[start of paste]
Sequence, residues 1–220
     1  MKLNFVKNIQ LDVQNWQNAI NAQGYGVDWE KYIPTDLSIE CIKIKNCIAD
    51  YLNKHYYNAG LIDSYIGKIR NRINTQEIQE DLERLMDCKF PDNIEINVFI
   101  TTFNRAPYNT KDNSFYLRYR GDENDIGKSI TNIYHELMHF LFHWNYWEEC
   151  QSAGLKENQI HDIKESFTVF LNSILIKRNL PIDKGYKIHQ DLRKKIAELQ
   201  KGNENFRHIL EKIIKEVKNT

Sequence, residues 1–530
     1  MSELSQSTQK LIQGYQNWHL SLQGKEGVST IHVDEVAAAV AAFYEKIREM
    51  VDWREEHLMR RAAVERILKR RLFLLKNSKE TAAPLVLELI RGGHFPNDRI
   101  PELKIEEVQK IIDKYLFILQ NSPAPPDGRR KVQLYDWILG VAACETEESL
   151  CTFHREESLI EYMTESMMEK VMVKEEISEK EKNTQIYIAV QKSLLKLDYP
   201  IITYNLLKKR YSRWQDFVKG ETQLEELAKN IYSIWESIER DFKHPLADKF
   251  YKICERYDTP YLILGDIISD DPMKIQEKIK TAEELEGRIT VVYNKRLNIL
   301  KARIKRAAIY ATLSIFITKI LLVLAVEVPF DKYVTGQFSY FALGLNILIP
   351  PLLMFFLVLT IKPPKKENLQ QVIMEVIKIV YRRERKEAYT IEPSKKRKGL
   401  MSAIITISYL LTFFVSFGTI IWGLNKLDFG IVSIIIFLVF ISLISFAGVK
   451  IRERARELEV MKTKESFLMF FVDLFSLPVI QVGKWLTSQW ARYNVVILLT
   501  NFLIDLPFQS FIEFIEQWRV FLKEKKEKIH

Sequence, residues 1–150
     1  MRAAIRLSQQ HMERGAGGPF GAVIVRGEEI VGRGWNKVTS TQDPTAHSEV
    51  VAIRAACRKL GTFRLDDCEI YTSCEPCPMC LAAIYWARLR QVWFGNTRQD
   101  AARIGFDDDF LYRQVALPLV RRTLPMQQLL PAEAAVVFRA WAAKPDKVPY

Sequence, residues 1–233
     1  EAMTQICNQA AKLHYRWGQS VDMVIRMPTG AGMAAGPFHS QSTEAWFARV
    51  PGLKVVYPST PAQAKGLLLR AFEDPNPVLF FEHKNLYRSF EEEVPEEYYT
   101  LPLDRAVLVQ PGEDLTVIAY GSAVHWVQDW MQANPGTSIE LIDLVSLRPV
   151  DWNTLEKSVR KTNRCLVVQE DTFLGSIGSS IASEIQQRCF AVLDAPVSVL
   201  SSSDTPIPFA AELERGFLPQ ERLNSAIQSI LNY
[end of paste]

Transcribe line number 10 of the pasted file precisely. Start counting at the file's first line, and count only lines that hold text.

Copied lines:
   101  PELKIEEVQK IIDKYLFILQ NSPAPPDGRR KVQLYDWILG VAACETEESL